The term "flu incubation period" refers to the time it takes from exposure to the influenza virus until the beginning of observable symptoms. This time frame can vary depending on the strain of flu virus, and typically is from one to four days. During the incubation period, the exposed person is usually able to transmit the virus to others. It's a good idea to use basic infection prevention strategies during flu season just in case.
The flu illness is caused by the influenza virus. There are two main types, known as A and B. These viruses are constantly mutating, or changing, which adds to the risk of infection; the H1N1 flu virus is thought to be a mutation of influenza A. The time from exposure to the virus until the initial flu symptoms is the incubation period.
The flu incubation period is usually one to four days; for H1N1, it may be about four to seven days. It can vary depending on the strain and the health of the exposed person, but the average time is two days. The incubation period is often shorter for a person in poor health since his or her body is already in a weakened state and less able to fight the virus. During this period, the person may show no symptoms.
It is possible for a person to spread the influenza virus to others during the flu incubation period,. The most common way is when an infected person coughs or sneezes, thereby releasing tiny droplets of moisture containing the virus into the air that a healthy individual breathes it in. Since this can happen during the incubation period while a person is unaware of an infection, it's important to remember to cover sneezes and coughs. The best way to do this is to cough or sneeze into the bend of an elbow rather than the hand, since this can help to prevent spreading the virus through touch.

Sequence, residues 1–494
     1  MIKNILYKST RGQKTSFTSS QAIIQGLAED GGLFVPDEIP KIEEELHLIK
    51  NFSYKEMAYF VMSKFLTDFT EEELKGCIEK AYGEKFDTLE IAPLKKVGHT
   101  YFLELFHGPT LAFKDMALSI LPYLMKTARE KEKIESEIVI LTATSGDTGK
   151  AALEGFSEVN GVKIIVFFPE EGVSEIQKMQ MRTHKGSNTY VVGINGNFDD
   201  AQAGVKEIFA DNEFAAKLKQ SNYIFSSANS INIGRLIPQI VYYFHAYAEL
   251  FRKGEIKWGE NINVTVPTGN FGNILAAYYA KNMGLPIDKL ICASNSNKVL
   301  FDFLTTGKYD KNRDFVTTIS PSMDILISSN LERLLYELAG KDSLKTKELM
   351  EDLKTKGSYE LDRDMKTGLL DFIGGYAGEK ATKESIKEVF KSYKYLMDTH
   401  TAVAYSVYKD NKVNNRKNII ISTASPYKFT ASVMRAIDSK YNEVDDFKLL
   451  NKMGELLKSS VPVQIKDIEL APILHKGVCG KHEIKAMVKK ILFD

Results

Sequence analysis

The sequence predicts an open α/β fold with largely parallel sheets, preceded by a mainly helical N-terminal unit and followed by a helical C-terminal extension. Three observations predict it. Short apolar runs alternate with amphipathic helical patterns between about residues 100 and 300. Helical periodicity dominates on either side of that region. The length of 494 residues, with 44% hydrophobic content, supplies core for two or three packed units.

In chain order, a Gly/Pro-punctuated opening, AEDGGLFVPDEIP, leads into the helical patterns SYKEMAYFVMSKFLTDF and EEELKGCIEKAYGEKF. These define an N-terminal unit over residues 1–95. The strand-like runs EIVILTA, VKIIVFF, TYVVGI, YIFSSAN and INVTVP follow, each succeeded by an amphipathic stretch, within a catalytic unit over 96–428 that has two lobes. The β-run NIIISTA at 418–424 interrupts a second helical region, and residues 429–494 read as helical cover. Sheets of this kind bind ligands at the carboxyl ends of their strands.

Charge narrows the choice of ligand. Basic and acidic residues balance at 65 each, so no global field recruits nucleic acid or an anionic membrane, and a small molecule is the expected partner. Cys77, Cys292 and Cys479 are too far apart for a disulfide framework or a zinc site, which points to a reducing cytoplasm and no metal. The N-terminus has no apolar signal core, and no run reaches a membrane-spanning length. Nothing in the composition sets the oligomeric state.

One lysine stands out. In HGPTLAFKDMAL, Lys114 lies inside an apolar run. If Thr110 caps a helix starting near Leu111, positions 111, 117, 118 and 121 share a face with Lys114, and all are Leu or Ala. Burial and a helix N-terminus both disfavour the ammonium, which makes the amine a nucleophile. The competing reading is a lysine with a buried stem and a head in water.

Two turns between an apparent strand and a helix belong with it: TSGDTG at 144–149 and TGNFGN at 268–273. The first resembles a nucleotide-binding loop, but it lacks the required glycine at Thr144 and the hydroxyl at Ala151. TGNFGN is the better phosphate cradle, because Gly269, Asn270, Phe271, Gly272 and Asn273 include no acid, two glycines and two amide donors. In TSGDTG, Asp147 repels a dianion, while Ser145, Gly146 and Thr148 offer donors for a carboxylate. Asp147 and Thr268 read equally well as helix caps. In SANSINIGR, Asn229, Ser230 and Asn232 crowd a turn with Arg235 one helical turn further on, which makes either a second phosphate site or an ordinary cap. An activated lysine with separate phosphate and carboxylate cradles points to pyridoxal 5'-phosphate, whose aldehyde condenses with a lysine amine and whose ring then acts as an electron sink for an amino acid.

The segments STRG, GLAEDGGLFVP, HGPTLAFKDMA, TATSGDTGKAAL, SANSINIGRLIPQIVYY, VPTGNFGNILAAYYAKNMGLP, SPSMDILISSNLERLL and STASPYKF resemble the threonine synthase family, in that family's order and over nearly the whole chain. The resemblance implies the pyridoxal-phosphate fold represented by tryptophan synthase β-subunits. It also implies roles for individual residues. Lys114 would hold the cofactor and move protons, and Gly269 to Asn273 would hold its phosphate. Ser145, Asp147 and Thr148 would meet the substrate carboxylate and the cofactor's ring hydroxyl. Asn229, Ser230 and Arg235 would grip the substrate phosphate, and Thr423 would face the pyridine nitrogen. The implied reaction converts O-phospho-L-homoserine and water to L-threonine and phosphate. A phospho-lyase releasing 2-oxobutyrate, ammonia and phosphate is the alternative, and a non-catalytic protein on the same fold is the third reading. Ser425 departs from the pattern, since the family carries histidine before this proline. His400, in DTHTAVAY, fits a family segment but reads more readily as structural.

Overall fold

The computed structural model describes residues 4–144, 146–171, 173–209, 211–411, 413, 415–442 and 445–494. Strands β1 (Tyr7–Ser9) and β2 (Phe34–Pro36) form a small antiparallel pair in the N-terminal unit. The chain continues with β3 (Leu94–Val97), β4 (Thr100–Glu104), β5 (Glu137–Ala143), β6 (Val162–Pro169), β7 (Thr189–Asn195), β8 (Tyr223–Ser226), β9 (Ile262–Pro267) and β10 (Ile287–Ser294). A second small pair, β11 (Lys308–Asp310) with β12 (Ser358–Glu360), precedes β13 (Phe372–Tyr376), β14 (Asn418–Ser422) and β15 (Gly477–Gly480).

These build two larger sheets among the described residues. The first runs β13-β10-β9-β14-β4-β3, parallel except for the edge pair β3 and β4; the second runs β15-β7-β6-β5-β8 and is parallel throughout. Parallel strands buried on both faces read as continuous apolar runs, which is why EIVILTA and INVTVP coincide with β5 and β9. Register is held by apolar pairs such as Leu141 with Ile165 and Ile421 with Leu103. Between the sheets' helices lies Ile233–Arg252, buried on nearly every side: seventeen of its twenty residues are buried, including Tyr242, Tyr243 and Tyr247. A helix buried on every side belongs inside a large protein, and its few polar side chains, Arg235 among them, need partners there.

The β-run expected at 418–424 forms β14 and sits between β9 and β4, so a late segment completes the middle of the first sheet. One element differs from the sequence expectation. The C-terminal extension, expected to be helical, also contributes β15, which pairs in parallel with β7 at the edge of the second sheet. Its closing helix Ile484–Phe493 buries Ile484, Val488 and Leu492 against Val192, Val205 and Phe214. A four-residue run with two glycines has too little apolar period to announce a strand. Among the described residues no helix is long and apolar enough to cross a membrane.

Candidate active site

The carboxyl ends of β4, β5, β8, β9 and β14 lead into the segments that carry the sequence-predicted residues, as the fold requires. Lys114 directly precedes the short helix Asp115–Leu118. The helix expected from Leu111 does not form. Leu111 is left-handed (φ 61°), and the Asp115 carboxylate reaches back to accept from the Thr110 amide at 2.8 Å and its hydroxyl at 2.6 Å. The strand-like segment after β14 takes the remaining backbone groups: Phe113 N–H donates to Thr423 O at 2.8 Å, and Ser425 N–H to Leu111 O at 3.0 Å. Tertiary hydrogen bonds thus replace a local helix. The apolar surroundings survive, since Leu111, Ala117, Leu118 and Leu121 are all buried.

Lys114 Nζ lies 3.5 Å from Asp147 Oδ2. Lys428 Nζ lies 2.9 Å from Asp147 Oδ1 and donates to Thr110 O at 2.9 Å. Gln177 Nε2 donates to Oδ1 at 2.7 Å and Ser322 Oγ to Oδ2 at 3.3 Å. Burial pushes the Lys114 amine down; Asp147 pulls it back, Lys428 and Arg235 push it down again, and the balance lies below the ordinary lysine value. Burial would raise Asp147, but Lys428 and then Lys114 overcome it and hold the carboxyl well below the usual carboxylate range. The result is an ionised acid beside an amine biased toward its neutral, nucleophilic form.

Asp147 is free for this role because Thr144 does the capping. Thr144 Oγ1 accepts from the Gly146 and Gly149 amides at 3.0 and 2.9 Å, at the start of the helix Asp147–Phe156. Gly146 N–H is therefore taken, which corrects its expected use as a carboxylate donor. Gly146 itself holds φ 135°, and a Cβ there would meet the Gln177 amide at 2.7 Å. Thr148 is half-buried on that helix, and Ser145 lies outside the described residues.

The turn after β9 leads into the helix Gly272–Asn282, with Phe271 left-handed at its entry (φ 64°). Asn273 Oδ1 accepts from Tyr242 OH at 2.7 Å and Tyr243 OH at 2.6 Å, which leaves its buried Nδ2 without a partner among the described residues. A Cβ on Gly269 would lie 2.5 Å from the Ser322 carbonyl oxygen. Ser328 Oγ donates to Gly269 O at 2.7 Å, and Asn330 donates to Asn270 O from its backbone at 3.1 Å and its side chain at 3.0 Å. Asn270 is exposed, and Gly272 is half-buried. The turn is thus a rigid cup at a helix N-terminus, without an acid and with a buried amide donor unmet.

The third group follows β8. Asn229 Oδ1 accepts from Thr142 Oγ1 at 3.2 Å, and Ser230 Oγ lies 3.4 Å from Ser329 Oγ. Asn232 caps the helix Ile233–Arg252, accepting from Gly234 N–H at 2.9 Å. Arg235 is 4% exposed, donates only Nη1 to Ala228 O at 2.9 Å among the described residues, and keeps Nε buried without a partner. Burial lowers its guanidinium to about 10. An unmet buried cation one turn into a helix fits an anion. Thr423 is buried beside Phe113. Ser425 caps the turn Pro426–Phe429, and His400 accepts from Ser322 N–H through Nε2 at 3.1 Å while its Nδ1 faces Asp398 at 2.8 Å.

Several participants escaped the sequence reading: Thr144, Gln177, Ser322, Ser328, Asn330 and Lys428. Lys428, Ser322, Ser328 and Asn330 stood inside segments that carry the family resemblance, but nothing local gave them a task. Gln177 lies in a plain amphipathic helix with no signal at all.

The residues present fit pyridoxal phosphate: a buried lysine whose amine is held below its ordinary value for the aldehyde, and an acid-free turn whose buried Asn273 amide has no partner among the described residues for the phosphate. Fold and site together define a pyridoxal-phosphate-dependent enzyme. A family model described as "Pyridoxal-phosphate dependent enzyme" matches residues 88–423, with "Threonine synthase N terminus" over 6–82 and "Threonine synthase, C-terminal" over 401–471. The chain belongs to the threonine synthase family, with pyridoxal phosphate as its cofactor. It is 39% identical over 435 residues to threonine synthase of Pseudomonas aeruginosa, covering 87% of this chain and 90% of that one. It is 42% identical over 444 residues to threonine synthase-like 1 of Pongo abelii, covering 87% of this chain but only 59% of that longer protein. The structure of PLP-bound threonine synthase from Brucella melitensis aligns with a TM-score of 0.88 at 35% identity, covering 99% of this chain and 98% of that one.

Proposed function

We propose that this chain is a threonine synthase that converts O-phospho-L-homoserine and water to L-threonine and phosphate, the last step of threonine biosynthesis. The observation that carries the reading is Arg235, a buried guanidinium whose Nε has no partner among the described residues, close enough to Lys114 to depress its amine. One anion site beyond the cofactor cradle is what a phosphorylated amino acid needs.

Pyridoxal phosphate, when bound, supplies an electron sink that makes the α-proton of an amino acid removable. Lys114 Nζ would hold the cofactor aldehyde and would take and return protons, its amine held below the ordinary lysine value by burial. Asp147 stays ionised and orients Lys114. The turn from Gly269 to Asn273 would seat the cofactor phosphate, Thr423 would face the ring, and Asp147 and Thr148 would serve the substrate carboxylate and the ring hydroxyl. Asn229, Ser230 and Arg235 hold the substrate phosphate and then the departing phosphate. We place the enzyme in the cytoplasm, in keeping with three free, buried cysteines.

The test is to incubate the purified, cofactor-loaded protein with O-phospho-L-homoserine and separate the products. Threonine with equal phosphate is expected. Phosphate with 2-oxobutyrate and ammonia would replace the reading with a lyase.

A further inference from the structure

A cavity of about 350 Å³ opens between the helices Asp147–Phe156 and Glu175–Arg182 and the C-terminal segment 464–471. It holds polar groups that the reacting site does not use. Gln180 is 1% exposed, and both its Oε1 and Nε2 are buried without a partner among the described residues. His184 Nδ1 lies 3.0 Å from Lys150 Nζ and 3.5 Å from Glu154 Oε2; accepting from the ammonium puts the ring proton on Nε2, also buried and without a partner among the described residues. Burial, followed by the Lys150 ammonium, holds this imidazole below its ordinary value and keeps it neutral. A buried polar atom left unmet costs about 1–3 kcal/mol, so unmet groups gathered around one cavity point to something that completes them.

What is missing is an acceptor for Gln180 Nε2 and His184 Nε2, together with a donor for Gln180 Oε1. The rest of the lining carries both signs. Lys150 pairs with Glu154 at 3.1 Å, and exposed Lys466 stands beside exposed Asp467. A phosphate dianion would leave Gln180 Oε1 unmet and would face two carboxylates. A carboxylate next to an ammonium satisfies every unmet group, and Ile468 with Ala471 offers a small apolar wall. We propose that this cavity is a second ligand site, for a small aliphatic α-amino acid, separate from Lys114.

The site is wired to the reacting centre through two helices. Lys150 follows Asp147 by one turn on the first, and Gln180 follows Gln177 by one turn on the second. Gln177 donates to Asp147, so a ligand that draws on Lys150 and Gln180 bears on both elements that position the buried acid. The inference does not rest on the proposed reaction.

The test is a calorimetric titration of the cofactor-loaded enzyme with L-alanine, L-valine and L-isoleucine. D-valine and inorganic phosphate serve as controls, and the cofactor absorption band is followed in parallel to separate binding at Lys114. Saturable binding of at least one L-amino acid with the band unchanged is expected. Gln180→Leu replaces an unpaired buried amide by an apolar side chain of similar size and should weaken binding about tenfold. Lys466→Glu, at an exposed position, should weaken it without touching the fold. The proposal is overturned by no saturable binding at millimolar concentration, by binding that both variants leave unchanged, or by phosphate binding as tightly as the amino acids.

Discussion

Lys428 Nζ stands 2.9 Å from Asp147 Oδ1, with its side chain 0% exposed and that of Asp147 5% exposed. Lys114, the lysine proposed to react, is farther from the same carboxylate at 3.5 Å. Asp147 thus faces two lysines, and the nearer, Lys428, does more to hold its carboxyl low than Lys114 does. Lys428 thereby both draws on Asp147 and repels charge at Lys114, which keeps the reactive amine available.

At the end of the flu incubation period, a person will usually start to develop symptoms including sudden fever, coughing, body aches, and sore throat. The ill person is also able to continue infecting others for at least another five to seven days and may even spread the flu virus for longer periods. As a result, it's a good idea to practice basic prevention strategies such as getting a seasonal flu shot, frequent hand washing, minimizing contact with those who are sick, and covering coughs and sneezes.